Dating back to 1891, Stillwater Milling Company has been supplying ranchers with the highest quality feeds made from the highest quality ingredients. Their full line of A & M Feeds can be delivered direct to your farm, found at their Agri-Center stores in Stillwater, Davis, Claremore and Perry or at more than 125 dealers in Oklahoma, Arkansas, Kansas and Texas. We appreciate Stillwater Milling Company's long time support of the Radio Oklahoma Ag Network and we encourage you to click here to learn more about their products and services.

One step forward and two steps back - that seems to be the path of the pecan industry at present. According to Dr. Charles Rohla of the Noble Research Institute, weather has been a major factor in the pecan industry this year and not a positive one. In Georgia and Alabama, approximately 750,000 trees have been downed costing the region probably half its total crop or more. Here in our neck of the woods, extended periods of rain and wet conditions have kept harvesters sidelined the first few weeks of harvest which Rohla tells us will have some significant impacts on the market this holiday season as it struggles to balance the height of pecan demand and the limiting effects of growing supply pressure.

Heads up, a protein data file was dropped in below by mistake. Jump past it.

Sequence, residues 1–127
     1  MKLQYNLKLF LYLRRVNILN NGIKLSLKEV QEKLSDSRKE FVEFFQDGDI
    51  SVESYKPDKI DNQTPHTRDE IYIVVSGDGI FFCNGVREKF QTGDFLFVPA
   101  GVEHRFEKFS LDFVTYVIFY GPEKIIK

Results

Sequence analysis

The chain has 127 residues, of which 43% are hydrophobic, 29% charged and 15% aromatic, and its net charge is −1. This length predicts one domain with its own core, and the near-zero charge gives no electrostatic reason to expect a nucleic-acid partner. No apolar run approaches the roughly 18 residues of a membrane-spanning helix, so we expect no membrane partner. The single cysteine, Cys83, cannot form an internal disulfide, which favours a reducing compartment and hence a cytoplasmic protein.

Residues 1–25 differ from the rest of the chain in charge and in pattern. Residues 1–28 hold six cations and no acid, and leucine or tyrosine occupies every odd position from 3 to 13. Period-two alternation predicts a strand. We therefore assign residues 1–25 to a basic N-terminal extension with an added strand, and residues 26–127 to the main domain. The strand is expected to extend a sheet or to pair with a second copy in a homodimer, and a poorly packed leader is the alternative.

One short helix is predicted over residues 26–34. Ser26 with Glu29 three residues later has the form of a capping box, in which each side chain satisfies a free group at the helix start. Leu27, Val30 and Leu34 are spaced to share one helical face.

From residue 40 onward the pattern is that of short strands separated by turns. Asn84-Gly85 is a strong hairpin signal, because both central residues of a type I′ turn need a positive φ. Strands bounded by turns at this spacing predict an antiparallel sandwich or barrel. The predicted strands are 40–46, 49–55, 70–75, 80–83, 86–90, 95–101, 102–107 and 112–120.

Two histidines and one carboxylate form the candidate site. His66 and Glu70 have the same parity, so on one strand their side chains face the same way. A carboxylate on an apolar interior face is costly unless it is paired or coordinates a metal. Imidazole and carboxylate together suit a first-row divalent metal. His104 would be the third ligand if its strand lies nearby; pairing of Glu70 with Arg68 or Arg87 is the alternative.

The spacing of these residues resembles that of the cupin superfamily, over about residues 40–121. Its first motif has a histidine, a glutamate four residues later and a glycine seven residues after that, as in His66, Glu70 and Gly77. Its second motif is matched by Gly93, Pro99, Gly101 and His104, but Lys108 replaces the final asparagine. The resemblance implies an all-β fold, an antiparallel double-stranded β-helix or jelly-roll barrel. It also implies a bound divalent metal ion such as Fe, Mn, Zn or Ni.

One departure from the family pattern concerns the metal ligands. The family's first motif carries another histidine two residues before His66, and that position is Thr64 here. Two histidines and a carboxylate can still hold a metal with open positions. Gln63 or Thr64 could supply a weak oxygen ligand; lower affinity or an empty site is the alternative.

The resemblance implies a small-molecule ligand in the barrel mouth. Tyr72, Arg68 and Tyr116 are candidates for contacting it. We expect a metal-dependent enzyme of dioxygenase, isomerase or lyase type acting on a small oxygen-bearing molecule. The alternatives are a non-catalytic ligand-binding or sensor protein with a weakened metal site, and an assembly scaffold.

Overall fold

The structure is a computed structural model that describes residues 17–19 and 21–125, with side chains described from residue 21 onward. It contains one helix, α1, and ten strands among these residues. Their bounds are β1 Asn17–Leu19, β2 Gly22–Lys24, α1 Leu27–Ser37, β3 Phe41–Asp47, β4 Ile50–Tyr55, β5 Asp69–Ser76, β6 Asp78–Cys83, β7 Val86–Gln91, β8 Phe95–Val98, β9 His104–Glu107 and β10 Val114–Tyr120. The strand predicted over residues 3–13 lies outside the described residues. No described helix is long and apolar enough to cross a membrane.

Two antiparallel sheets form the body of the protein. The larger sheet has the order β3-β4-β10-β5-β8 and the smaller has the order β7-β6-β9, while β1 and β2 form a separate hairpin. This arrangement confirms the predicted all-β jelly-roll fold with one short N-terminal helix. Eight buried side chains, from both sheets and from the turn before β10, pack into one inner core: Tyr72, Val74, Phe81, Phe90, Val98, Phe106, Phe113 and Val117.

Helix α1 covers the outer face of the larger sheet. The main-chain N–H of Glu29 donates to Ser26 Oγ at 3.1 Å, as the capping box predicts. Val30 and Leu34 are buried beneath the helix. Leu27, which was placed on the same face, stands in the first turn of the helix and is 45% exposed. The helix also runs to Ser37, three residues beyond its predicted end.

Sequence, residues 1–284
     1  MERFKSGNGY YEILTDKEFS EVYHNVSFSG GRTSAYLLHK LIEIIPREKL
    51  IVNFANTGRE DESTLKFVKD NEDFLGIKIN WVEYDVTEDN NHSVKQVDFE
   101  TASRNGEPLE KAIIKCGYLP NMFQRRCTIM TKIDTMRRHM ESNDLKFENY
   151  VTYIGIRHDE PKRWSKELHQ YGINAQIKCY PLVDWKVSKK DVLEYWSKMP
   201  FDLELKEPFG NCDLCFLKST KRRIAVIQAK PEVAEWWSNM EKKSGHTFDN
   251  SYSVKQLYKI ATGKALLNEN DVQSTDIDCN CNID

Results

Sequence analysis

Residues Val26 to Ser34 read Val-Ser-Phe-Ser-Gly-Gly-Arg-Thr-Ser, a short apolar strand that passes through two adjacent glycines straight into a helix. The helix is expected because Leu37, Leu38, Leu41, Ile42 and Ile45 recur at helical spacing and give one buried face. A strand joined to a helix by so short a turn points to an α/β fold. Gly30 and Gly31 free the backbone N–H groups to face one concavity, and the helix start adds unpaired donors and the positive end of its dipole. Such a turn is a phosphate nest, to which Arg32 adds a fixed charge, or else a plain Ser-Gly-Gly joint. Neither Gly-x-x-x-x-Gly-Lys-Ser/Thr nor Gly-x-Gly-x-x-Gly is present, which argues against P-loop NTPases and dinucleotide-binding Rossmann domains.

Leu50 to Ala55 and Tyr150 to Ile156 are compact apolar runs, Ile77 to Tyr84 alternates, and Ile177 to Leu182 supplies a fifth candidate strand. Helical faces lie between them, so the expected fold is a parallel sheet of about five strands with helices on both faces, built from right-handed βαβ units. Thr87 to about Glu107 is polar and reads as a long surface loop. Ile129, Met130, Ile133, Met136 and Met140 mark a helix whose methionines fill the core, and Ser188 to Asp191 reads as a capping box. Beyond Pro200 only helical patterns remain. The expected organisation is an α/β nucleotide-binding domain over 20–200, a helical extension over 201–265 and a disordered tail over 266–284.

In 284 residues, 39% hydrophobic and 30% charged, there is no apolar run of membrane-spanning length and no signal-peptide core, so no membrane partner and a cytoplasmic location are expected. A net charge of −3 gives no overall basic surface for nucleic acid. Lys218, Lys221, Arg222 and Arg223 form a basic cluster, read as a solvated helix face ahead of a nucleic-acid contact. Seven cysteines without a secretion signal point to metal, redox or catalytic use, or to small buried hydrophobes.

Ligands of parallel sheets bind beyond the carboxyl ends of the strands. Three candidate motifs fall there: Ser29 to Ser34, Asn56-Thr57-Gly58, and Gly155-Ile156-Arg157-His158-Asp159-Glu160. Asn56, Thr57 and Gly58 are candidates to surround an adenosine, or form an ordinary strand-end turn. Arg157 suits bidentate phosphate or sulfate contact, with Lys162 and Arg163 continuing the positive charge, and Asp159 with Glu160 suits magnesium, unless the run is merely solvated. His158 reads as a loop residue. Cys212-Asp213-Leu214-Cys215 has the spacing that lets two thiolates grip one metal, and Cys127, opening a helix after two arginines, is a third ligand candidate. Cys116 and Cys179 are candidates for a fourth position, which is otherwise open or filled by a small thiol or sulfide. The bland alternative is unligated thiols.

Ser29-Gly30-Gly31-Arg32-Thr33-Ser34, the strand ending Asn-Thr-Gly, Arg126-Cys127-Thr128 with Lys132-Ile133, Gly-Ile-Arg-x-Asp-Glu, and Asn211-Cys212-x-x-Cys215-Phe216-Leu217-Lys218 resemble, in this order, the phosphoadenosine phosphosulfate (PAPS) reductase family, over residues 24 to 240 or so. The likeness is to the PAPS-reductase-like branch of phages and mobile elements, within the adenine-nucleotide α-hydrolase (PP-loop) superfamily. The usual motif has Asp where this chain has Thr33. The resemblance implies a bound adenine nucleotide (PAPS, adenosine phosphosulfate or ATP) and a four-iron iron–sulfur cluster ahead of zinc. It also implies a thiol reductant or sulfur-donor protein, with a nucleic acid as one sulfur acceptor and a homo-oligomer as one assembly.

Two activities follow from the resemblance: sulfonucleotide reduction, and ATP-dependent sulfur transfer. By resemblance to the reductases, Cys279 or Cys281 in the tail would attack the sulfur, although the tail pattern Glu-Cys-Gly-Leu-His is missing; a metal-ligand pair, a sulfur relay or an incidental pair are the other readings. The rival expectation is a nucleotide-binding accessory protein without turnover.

In an interview on Monday, Rohla talked with me about how these factors could affect production potential over the course of the next decade or even longer. The good news, though, is that interest in growing pecans is on the rise. Rohla says he continues to get inquiries on a regular basis, with prospective planting ranging from five to five hundred acres.

To keep this momentum going, Rohla is working hard to find ways to encourage new and prospective growers to get involved. Currently, the research he is conducting is being done with the hope of developing earlier producing trees. Right now, a producer just starting out may have to wait ten to fifteen years before they are fully up and running in the pecan business. Rohla's research could potentially shorten that timeframe. Read more about this research and the state of the industry currently, or listen to Rohla and I talk it out, by clicking or tapping here.